HOME and how to join Forum Open Area General Scott topics Scott speedway special for sale on ebay Re: Re: Scott speedway special for sale on ebay


Believe me, it is very difficult even attempting to judge the originality of any speedway machine from the early years of the sport. Catalogue illustrations are not very much help either.
Rudge, for instance, illustrated a stripped-out gearbox in their catalogue a year after the production bikes got countershafts.
Add in the fact that it has been raced by the Aussies, and you are in something like that hilarious argument we had on the old website between the two owner of Swift prototypes
about whose bike was the most “original”!

By coincidence, when I first got involved in Vintage speedway in the 1970s, a friend, the late John Hawkin, told me about a dirt-track Scott that was too rusty to risk on the track.
I know that John was a friend of Derek Shire so I assume this is your machine Brian?

The Scott that used to appear at the BMF demo races belonged to former Oxford speedway rider Jim Gregory, who had a collection of old dirt-track machines at one time. Some year ago
I spoke to Jim about it. The main practical problem with it, according to Jim, was getting the thing off the start line and wound up. There is no time in speedway, on modern short tracks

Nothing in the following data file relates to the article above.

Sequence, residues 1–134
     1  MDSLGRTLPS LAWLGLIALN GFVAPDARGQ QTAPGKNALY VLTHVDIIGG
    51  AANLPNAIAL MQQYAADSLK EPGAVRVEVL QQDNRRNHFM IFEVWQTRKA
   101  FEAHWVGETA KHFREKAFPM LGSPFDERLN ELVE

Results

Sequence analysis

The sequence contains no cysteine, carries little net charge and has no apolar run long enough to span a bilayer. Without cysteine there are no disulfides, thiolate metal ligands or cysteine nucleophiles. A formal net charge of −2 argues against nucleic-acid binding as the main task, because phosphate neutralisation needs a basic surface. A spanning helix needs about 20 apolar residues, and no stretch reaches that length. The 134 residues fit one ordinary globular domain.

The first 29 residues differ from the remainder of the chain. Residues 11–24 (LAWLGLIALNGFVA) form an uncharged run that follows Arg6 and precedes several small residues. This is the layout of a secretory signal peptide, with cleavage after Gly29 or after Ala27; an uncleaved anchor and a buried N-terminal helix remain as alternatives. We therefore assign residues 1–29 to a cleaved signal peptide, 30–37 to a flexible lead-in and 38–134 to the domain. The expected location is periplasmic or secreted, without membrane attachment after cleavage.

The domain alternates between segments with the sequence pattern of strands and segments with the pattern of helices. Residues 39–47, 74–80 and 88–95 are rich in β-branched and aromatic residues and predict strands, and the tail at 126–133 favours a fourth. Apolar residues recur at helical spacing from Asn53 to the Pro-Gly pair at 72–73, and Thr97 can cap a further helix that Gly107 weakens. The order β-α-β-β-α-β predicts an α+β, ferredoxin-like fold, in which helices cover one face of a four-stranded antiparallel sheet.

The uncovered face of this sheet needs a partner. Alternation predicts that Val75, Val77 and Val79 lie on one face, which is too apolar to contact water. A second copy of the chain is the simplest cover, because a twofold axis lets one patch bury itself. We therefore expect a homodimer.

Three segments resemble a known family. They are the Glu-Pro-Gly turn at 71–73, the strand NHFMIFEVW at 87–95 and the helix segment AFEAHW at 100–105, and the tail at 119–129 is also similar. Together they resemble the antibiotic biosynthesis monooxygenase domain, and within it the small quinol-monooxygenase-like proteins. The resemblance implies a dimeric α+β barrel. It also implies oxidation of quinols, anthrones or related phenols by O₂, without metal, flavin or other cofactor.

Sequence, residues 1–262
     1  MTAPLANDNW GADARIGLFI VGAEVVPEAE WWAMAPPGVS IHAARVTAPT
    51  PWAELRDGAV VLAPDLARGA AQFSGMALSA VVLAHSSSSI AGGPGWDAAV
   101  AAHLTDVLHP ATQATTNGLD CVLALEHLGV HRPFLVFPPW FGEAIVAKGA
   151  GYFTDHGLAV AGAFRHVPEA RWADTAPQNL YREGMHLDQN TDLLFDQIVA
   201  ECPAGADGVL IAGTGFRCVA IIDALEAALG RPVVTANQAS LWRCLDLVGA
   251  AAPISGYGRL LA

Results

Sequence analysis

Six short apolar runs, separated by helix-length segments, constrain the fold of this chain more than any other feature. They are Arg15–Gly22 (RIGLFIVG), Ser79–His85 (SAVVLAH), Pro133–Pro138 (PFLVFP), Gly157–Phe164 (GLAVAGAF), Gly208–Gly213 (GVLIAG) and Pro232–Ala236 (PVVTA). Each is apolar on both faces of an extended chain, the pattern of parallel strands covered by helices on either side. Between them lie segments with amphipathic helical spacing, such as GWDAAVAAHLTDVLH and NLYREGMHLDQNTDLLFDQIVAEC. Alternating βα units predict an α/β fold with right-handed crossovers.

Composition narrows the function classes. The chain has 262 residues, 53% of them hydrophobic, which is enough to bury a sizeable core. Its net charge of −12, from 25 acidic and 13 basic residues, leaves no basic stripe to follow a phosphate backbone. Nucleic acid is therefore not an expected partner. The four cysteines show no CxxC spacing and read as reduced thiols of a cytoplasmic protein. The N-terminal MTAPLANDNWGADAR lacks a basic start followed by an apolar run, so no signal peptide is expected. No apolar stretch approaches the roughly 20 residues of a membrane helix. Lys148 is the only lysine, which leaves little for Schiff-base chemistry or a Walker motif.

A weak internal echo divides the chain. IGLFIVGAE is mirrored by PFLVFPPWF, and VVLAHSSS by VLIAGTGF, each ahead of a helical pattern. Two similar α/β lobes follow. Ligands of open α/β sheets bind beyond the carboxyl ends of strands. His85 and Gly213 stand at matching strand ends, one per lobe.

anyway, to change gear. It was just not possible to find a compromise gear to get you off the line and put up a show against the Rudge and JAP singles.
You have to remember, of course, that in 1928 they used a rolling start, starting gates didn’t come into general use until about 1931. Some of the early production dirt-machines like Rudge and
Douglas didn’t even have a clutch (that would be extra sir!).

I can give you a few details of a Scott dirt-track rider who was very popular in 1928 and is totally forgotten now. His name was Alf Read. His brother, Haydon “Charlie” Read was a friend of my
fathers from the time when they were workmates at Scammell Lorries. When I started to get interested in speedway, Charlie told me a number of stories of his involvement in the first year of
the sport in the UK : 1928.

The Read brothers were part of a local group of lads trying their hands in the “open” races at their local Yorkshire tracks including Wombwell and Owlerton ( Sheffield – still running today ).
This was during the Depression of course and the money to be made from “dirt-Track” was a huge attraction to the local lads. This was before betting was outlawed, and Charlie got involved in
a race-fixing group, financed by their local butcher, who provided 4 brand new AJS bikes, and a list of the results of the “next” races !
They soon got rumbled and had to earn their money the hard way.

When Charlie told me about this ( over 40 years later ) he was still slightly bitter that his brother Alf and his Scott carried on getting bookings at places like Owlerton when the rest of the group
didn’t. Alf didn’t have a dirt track model, it was a stripped down road bike and he didn’t have a clue about gearing. His technique was to ride at the back of the field with his machine belching
steam and oil smoke (deliberatly according to his brother) passing only those who had already fallen off!
It worked, for a time at least, the crowds loved him and the promoters kept booking him. Next season of course, it all got more professional. I have never managed to find any record of Alf
Read and his dirt Scott, it would be a shame if he was forgotten!